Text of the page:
FPL's parent company has hired an independent investigator to look into allegations that some utility workers were asked to manipulate data and provide inaccurate information to regulators about the company's proposed rate hike.
In a letter e-mailed to company employees Monday, FPL Group Chairman Lew Hay detailed the investigation into the allegations contained in a letter sent anonymously last week to him by one or more people claiming to be Florida Power & Light employees.
The letter — also sent to FPL Group board members and the Public Service Commission — said employees "were directed or instructed to create, draft and manipulate facts, data and information" about the rate increase proposal and present "incomplete or inaccurate" information on other projects.
Hay urged company employees to call the Carlton Fields law firm's Miami office with any evidence of FPL Group employees providing false or misleading information. He said the company concluded a "broad investigation" into claims made in response to a similar letter dated Jan. 20 that alleged certain utility leaders damaged the company's credibility in the community by misinforming customers and regulators.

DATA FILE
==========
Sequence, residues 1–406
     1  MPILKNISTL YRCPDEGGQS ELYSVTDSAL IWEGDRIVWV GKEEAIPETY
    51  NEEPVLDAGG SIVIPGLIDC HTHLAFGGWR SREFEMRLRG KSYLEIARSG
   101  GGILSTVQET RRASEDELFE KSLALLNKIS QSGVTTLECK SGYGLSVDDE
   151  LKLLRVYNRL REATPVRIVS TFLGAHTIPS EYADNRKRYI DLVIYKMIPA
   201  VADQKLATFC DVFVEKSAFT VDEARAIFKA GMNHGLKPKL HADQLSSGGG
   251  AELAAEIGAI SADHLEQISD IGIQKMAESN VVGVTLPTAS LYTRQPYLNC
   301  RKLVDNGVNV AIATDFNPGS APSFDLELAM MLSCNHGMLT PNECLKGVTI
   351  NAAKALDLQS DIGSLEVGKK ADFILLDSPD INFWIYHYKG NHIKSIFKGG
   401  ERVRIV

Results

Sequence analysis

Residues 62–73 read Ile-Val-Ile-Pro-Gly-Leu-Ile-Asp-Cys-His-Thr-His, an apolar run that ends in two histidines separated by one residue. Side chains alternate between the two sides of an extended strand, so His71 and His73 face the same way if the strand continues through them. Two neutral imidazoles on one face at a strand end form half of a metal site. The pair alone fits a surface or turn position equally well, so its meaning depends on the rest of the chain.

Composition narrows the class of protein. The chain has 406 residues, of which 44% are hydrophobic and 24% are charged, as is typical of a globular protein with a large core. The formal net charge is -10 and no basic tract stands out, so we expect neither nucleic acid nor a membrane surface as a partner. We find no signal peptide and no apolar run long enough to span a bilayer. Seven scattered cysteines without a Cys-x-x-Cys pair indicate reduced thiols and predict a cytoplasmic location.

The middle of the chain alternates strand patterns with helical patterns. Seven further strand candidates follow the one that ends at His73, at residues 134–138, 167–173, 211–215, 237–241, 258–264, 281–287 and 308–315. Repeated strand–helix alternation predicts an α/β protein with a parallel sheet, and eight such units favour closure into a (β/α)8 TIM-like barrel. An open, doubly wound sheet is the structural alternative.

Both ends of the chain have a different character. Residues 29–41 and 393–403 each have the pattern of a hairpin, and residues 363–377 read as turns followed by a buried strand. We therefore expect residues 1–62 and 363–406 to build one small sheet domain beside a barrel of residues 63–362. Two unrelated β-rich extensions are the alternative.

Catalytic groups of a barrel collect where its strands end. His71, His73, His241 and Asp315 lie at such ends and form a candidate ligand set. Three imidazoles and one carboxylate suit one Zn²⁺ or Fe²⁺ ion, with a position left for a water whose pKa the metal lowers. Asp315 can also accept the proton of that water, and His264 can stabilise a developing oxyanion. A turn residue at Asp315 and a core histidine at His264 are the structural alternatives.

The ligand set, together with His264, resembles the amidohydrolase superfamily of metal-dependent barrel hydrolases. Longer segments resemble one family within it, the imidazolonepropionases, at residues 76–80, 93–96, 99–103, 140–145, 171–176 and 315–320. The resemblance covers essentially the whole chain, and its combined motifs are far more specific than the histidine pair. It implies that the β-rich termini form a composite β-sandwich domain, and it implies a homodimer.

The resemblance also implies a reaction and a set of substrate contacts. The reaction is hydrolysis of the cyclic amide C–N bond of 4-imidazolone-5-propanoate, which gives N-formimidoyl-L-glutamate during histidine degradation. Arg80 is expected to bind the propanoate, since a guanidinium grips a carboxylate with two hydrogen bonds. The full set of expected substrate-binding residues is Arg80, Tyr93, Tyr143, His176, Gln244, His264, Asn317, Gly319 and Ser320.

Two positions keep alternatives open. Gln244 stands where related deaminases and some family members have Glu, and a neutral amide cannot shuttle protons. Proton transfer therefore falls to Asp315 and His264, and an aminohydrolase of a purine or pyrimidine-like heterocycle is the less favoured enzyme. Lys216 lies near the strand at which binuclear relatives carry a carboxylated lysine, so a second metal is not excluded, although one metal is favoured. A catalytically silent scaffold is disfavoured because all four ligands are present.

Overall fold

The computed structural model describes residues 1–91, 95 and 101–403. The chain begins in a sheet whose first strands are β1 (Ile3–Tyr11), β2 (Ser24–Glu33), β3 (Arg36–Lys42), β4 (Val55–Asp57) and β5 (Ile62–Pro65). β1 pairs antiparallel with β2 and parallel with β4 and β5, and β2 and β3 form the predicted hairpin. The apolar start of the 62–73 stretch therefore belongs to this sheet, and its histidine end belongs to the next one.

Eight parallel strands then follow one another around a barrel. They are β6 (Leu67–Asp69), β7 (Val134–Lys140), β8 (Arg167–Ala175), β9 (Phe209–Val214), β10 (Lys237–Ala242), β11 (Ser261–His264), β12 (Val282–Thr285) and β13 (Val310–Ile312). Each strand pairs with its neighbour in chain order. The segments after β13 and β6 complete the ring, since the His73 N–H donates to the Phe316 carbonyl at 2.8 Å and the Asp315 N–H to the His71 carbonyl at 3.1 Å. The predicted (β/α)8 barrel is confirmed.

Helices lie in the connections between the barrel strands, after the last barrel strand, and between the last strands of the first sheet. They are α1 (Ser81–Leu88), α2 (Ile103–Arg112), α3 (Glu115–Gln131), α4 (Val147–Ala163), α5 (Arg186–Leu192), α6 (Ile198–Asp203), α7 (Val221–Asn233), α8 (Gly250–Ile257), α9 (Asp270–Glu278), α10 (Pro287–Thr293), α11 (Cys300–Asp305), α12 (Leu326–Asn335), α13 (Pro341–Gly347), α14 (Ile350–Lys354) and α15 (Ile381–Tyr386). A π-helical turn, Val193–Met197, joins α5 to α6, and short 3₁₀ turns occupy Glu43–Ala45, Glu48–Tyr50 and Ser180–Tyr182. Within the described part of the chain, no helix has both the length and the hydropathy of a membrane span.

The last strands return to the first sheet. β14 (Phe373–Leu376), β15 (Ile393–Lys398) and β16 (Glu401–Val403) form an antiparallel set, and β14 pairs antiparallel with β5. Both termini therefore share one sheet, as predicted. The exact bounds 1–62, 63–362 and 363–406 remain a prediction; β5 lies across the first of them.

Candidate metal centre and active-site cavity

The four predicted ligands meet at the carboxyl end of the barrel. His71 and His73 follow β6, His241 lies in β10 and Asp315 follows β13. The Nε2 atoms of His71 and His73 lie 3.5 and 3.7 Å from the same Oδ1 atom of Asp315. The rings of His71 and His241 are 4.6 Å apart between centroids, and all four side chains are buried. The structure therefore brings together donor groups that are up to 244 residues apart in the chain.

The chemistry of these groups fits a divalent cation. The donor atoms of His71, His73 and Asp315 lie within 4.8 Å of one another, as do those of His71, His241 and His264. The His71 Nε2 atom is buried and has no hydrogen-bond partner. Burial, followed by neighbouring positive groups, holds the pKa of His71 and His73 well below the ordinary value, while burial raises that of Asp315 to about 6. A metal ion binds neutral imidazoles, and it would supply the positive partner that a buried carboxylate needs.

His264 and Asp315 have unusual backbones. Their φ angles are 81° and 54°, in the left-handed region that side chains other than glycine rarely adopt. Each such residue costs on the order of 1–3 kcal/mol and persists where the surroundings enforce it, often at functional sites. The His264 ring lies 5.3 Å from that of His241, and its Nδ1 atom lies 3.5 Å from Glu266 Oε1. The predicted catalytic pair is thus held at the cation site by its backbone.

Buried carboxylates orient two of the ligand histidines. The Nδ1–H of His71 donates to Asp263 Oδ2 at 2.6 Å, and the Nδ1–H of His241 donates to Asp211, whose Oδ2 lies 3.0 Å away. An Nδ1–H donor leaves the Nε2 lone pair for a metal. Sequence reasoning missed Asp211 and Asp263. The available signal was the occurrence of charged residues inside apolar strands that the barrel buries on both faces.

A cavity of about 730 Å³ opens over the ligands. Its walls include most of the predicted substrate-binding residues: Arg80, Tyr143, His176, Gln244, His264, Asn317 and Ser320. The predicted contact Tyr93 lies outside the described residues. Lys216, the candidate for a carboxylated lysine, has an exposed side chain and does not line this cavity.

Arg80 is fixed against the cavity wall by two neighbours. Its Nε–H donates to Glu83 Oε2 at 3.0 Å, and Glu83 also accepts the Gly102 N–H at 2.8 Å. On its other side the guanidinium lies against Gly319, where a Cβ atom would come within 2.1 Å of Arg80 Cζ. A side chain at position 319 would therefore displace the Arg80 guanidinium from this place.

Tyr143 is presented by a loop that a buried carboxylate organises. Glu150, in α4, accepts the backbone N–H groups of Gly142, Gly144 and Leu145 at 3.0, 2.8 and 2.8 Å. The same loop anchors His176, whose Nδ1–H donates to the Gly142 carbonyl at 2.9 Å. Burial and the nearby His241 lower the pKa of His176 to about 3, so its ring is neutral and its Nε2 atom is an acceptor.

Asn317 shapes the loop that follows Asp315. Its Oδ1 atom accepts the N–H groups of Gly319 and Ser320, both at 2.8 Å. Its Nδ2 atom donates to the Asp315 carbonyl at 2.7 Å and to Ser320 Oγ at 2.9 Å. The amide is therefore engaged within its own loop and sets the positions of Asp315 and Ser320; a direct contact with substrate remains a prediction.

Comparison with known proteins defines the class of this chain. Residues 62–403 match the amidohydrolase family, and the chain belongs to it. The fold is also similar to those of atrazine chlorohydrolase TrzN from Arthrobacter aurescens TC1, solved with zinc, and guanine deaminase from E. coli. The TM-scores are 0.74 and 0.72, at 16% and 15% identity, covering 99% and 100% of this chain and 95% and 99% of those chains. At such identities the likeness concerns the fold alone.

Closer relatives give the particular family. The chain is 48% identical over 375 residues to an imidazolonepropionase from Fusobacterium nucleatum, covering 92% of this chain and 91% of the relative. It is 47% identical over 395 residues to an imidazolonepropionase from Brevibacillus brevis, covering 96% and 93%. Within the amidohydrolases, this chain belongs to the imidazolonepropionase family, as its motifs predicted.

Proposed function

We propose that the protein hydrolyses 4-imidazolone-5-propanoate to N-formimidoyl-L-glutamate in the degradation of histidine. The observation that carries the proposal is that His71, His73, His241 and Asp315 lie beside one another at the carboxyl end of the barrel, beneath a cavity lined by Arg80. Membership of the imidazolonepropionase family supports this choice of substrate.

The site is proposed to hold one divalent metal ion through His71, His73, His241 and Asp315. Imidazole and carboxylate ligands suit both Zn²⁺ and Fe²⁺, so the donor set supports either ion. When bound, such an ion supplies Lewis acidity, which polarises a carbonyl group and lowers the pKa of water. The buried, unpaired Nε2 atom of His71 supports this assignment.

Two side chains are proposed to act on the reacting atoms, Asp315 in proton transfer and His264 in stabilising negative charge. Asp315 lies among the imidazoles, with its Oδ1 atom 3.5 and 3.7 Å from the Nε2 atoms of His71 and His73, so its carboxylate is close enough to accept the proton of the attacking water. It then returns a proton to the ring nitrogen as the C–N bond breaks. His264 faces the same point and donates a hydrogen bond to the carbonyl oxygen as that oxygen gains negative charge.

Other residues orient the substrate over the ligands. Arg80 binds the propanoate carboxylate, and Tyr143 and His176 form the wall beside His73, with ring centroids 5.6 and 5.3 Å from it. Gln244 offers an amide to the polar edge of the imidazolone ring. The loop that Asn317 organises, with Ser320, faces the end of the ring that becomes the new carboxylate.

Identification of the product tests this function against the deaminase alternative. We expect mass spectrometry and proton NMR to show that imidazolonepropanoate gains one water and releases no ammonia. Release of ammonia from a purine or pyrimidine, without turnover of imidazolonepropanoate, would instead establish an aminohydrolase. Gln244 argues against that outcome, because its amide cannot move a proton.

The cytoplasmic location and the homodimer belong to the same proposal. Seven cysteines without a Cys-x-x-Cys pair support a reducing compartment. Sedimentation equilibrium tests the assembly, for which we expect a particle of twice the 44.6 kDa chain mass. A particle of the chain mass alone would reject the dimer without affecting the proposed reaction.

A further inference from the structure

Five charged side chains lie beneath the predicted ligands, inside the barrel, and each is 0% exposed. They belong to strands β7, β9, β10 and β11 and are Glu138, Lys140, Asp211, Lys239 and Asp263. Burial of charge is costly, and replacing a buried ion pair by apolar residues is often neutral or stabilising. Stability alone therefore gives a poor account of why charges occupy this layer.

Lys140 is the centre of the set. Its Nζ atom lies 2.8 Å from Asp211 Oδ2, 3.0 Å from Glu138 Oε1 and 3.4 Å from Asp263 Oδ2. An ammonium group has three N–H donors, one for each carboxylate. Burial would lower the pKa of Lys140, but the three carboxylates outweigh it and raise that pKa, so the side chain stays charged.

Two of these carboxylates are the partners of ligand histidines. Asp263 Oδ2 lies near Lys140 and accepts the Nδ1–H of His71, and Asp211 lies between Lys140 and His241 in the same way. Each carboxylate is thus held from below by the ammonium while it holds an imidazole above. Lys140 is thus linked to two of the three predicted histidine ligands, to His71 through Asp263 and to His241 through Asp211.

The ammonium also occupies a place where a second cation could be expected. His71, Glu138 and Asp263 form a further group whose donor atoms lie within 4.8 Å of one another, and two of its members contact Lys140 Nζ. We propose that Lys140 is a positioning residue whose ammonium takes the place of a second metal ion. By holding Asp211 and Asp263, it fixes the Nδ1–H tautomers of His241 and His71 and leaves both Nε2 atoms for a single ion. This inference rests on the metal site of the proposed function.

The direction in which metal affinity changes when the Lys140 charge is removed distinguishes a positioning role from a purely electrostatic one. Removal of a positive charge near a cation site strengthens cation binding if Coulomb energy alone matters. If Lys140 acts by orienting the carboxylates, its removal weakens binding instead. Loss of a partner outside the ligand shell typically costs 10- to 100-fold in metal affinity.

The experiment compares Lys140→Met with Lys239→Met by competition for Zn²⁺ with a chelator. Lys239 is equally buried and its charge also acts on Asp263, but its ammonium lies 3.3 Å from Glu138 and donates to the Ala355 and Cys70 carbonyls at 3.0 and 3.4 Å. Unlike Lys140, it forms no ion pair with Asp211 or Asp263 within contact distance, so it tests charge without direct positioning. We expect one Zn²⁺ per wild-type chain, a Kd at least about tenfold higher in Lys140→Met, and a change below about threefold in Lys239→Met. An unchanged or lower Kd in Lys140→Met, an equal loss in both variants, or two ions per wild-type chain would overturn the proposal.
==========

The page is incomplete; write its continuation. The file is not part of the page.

"Approximately 150 confidential interviews were conducted with relevant FPL employees," Hay wrote. "These employees were informed that the company would not take negative action against anyone who honestly and forthrightly raised legitimate concerns. The investigators and employees interviewed have identified no evidence supporting any of the generalized claims made in the anonymous letter."
The PSC, which rejected all but 6 percent of the utility's request for a $1.27 billion increase on Jan. 13, posted both letters on its website Monday but hasn't yet decided whether to investigate, officials said. PSC Chairman Nancy Argenziano called for the agency and the Attorney General's office to investigate and if possible, provide the employees with immunity. "My position is if we have been lied to and/or given fraudulent information, then we have to know about that," she said, adding that if the inquiry finds the information is wrong and was simply submitted "by disgruntled employees, the company has nothing to worry about."
Hay said FPL Group's Review Board — General Counsel Charles Sieving, Chief Financial Officer Armando Pimentel, Executive Vice President of Human Resources Jim Poppell and Vice President of Internal Auditing Maria Fogarty — recommended hiring an independent firm to tackle allegations in the second letter, dated Feb. 3.
"FPL Group is committed to providing accurate information at all times to government agencies, investors and the public at large, and will not tolerate anything less," Hay wrote. "We do not condone the conduct alleged in the anonymous letters, but we cannot address unsupported and unsubstantiated claims."
Hay urged FPL Group's roughly 15,000 employees to speak up promptly if they believe they have any evidence of wrongdoing.
Julie Patel can be reached at 954-356-4667 and jpatel@SunSentinel.com.Copyright © 2014, The Baltimore Sun